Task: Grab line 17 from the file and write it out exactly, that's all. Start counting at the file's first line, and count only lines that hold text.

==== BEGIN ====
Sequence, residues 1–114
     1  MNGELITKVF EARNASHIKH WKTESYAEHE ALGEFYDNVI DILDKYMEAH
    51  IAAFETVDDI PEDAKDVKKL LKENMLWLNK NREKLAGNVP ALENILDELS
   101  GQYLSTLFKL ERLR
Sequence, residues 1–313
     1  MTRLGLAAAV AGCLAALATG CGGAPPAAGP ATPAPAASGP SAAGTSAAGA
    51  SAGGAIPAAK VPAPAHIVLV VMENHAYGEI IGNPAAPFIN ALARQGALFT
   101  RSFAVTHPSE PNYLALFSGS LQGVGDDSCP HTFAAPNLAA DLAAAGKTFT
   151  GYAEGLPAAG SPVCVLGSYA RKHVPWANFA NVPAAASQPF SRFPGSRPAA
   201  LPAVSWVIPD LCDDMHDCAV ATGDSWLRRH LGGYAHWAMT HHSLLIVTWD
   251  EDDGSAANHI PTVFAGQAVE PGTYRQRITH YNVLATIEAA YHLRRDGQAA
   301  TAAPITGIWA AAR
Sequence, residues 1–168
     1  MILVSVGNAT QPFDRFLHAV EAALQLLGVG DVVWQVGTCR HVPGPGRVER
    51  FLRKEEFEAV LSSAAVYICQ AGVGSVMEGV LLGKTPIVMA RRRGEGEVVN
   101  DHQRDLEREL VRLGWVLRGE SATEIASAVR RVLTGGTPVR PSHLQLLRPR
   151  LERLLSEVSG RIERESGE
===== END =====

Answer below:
   151  LERLLSEVSG RIERESGE